…and the United forwards are adjusting their position to make sure they keep pressing the ball and blocking the passing angles to Gross and Dahoud…
…and Dunk has no choice but to go long after Van Hecke returns the ball to him.
United were able to regain possession from this pass, but the positioning of Fernandes, Hojlund and Rashford is key here.
Rashford again blocks the passing lane to Dahoud while pressing Dunk, allowing his two team-mates to squeeze Gross and Van Hecke when needed:
Even with Brighton’s full-backs moving inside and Gross pushing forward, United were prepared. The 4-1-3-2 shape meant they could easily go man-to-man, with Martinez targeting Gross, leaving Welbeck for Lindelof to mark:
“We suffered a lot in the first 15-20 minutes because Manchester United played in a different way (than) we prepared before the game,” Brighton head coach Roberto De Zerbi said.
However, there was one instance during this period that could have provided Brighton with a solution against United’s pressure.
In the eighth minute, Van Hecke and Dunk are set up wider as their goalkeeper Jason Steele has the ball. This means that the space Fernandes, Hojlund and Rashford have to cover is greater, so they can’t block passing lanes while pressing Brighton’s centre-backs with equal ease:
Additionally, having Steele become more involved in the build-up complicates the situation even more for United.
Here, Rashford tries to pressure the keeper and block a pass to Van Hecke, but Steele easily finds Dunk outside, while Fernandes and Hojlund focus on Gross and Dahoud. As for Eriksen and McTominay, they couldn’t leave their position without risking a threat to form:
The expansion of the centre-backs and the use of Steele in the formation helped Brighton push past United’s pressing in this attacking…
…and De Zerbi’s message to Dunk after Welbeck opened the scoring could have been the same…
…because after that goal, Dunk and Van Hecke made sure they were wider:
In this next example, Dunk is wide enough on Brighton’s left that he is not in the picture below, and Van Hecke also maintains a wide position on the right while Steele waits for the ball.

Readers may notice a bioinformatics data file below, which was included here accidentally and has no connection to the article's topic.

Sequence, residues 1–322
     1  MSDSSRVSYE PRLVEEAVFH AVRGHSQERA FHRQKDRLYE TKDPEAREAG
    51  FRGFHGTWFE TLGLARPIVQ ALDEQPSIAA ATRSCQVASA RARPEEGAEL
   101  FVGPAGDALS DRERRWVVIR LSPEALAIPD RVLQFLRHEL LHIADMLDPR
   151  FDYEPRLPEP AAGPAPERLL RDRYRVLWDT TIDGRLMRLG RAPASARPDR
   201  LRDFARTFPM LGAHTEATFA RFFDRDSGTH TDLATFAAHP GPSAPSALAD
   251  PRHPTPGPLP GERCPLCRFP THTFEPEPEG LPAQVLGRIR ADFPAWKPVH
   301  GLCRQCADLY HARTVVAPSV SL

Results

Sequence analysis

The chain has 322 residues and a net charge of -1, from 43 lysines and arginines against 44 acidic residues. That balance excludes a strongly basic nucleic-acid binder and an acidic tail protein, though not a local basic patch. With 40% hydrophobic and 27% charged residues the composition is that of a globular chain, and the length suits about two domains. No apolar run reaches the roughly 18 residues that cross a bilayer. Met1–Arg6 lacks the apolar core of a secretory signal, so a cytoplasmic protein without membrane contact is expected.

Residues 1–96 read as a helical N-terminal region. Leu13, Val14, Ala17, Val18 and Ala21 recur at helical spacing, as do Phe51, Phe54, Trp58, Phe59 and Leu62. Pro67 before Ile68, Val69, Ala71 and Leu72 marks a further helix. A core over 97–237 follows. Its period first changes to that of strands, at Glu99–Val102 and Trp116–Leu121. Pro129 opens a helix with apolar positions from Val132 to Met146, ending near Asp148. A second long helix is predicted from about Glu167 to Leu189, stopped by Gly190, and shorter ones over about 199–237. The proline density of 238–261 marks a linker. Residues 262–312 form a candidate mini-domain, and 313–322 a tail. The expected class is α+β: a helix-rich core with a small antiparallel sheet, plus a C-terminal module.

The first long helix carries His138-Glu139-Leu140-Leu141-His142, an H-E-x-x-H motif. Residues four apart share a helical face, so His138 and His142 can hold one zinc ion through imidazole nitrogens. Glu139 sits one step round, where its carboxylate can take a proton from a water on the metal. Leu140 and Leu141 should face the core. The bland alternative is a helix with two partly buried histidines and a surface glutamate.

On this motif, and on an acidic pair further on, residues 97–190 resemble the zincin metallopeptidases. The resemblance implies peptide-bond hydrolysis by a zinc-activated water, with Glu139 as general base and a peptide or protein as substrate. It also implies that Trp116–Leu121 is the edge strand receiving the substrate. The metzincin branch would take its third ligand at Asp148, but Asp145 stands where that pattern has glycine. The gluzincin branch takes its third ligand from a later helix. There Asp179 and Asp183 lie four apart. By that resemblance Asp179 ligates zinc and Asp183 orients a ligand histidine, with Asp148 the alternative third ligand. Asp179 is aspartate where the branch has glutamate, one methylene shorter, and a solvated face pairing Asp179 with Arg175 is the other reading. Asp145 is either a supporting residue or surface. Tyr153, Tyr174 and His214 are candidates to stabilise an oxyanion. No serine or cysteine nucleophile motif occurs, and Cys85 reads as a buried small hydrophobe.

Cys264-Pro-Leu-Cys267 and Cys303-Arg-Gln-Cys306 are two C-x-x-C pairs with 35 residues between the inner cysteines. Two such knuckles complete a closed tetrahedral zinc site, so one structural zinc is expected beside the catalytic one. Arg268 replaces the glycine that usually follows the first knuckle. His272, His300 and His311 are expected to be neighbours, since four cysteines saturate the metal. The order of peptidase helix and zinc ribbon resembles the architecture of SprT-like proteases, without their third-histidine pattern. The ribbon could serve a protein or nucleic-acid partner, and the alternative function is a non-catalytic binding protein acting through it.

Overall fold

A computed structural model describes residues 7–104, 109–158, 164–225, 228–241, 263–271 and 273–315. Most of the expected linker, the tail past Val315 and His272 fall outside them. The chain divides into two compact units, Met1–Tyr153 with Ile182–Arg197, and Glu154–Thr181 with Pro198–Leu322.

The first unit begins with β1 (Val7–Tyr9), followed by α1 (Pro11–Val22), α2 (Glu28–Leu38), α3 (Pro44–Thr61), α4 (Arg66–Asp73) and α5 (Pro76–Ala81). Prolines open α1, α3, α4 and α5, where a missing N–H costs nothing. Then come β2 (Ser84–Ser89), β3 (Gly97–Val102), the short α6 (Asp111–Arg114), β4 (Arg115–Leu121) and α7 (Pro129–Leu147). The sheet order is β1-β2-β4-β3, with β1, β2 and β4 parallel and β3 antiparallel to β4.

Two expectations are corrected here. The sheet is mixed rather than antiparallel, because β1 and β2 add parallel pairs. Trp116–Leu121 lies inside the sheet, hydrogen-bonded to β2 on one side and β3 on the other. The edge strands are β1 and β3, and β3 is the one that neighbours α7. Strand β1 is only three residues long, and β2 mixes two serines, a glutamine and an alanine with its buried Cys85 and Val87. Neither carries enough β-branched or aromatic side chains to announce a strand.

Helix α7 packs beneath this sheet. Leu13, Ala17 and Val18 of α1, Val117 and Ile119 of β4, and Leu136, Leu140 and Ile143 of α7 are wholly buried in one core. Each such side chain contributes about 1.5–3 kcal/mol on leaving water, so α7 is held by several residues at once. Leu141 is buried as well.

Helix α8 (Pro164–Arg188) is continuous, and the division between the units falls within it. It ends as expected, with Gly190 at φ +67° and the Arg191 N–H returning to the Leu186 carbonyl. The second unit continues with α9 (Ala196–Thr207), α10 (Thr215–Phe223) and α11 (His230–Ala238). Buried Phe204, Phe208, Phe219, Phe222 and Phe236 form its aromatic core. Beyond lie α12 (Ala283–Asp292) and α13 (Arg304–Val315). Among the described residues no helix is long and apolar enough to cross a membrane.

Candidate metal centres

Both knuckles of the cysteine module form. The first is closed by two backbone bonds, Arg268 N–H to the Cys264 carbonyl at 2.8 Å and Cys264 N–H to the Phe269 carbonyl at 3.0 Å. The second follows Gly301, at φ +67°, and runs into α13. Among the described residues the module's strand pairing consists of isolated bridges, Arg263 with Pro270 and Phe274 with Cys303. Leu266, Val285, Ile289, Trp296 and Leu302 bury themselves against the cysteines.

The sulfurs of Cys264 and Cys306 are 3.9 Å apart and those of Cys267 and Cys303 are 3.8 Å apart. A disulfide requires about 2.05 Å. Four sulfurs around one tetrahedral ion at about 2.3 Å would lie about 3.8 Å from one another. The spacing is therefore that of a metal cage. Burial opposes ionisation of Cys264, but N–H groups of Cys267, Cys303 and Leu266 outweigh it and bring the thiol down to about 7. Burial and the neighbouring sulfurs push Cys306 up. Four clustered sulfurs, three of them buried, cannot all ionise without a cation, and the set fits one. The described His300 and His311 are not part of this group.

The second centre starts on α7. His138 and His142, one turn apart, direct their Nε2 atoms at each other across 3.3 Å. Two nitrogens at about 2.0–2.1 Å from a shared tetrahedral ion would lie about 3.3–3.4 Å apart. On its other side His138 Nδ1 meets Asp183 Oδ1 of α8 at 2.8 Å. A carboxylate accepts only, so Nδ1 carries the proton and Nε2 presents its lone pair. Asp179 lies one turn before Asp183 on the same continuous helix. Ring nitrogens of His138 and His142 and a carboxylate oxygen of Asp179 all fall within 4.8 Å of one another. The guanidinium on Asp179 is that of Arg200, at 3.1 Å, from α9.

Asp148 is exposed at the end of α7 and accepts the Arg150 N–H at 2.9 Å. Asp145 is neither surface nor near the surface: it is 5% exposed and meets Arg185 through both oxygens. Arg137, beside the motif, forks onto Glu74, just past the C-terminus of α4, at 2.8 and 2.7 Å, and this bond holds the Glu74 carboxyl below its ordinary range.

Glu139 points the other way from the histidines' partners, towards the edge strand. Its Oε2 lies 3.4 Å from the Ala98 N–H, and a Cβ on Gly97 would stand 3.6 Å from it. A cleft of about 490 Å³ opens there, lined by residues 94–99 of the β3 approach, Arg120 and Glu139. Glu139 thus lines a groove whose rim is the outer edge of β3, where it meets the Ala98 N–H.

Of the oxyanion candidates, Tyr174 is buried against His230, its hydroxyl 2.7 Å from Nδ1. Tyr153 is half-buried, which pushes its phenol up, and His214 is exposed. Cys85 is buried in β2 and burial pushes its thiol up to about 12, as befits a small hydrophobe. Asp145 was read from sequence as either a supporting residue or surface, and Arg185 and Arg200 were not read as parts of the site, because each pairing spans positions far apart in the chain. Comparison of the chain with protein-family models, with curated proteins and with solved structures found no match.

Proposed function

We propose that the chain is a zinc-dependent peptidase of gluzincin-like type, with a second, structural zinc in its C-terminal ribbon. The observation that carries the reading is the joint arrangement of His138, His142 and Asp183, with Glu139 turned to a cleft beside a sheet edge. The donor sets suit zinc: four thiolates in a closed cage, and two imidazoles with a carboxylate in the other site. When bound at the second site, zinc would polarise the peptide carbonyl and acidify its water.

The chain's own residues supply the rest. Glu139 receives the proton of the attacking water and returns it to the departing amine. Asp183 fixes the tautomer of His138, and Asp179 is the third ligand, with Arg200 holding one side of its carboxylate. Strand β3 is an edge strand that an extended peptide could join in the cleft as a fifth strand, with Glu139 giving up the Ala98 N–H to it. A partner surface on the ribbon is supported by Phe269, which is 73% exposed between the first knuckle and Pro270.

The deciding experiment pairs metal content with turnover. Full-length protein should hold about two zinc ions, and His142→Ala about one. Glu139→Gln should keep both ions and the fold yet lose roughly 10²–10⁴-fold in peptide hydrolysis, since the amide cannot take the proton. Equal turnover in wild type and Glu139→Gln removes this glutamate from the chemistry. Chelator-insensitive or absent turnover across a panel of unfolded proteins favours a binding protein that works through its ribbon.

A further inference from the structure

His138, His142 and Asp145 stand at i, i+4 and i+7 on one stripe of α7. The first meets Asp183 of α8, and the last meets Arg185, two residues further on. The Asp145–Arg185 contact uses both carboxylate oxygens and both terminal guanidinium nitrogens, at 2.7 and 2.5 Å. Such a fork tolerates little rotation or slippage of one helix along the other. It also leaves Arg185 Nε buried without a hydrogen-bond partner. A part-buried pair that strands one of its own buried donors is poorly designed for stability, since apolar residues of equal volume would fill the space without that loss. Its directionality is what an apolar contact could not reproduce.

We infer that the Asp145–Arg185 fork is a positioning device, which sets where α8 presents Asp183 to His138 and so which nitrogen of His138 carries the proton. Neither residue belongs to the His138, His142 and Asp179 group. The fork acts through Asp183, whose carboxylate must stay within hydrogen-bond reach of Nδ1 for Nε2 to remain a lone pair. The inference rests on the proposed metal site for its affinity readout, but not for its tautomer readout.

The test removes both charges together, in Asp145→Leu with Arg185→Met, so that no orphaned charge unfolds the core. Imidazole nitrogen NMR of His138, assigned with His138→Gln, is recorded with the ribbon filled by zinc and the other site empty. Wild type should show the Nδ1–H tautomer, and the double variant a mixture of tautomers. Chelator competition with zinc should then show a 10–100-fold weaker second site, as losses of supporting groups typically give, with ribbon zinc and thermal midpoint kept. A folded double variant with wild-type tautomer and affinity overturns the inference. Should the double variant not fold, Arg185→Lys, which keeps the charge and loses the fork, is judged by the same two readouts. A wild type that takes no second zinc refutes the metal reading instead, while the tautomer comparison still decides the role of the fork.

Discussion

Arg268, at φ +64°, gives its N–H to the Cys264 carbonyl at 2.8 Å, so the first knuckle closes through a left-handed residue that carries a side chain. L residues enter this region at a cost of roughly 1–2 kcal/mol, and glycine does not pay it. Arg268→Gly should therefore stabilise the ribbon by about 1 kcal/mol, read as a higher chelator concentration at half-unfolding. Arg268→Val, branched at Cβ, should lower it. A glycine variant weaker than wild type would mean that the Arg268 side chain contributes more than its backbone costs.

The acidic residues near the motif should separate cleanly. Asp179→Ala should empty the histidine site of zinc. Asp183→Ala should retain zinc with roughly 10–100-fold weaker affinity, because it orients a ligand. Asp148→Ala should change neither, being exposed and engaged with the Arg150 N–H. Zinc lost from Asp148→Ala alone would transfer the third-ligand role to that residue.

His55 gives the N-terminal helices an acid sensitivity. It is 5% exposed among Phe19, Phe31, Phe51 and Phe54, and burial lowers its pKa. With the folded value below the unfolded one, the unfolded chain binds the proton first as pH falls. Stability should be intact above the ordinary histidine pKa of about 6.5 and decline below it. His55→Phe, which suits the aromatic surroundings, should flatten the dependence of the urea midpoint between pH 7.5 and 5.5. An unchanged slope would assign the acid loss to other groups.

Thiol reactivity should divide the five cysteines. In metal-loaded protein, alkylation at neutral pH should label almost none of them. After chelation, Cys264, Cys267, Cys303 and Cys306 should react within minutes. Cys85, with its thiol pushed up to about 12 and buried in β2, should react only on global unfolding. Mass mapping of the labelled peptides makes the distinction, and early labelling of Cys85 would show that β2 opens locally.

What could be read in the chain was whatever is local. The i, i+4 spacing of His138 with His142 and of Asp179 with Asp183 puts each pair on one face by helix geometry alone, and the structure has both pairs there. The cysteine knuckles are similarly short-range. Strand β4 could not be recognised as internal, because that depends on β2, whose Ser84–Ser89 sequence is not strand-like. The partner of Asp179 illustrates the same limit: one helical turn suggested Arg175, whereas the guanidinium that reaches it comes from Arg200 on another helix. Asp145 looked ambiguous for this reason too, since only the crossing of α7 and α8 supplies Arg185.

The difference to the examples above is that United’s forwards have to cover another player in Steele and more space due to the extension of his fellow centre-backs…
…which makes it easier for De Zerbi to progress on the pitch:
Here is another example.
Hojlund tries to press Steele and blocks the passing lane to Dahoud, and Fernandes and Rashford mark Gross and Van Hecke, with Casemiro trying to help. The problem is that Dunk is completely free on the left due to the large distance between him and partner Van Heck…
…which allows Steele to play the ball to an England defender:
McTominay can’t move up and press Dunk because that’s not his role:
These two adjustments put Brighton on top for the remainder of the game as United’s pressure could no longer be effective and in the second half it was Dunk’s wide position that led to the visitors’ decisive third goal.
Here, Brighton’s stacked shape is spread across the width of their penalty area with Gross on the right and Dunk on the left. While Van Hecke plays with the ball the Germans…
…United’s narrow front three move towards their left, leaving Dunk free. Brighton then circulated the ball to the other side of the pitch to find…
…and comfortably plays the ball forward for Lamptey…
…before the full-back sets up Joao Pedro to make it 3-0:
Increasing the distance between their centre-backs and getting Steele on the ball wasn’t a huge change in shape, but it was a solution that helped Brighton against United’s press and ultimately gave them control of the game.
Sometimes the right answer is to keep the shape and introduce a small improvement.